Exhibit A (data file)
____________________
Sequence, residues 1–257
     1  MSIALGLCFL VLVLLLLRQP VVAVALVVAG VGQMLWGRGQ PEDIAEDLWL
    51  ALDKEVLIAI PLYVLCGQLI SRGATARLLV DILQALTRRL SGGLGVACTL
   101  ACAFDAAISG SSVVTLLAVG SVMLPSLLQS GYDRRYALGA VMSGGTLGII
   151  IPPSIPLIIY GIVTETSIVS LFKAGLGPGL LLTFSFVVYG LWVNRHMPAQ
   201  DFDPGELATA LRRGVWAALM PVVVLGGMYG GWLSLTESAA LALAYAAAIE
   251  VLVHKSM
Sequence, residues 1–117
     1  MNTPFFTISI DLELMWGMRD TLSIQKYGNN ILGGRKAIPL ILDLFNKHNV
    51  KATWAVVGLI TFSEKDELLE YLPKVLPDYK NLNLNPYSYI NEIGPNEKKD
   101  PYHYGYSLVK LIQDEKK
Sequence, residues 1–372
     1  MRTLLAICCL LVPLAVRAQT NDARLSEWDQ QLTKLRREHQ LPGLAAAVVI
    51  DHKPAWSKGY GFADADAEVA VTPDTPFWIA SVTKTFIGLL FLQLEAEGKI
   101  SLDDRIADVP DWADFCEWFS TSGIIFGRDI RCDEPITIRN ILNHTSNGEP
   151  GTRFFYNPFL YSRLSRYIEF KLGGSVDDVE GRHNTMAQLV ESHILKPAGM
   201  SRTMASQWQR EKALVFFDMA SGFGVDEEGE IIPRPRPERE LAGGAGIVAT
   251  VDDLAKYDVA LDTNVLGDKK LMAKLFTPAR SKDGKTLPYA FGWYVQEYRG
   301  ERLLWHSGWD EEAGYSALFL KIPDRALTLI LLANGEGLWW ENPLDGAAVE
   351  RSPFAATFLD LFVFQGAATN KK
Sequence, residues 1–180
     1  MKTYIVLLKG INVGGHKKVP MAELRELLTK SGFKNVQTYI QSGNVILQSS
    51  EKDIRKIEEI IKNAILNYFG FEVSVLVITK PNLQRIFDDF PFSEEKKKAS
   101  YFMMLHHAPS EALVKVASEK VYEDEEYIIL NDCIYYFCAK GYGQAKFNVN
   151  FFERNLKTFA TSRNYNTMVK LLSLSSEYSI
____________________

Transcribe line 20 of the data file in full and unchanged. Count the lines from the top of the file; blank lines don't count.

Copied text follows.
   351  RSPFAATFLD LFVFQGAATN KK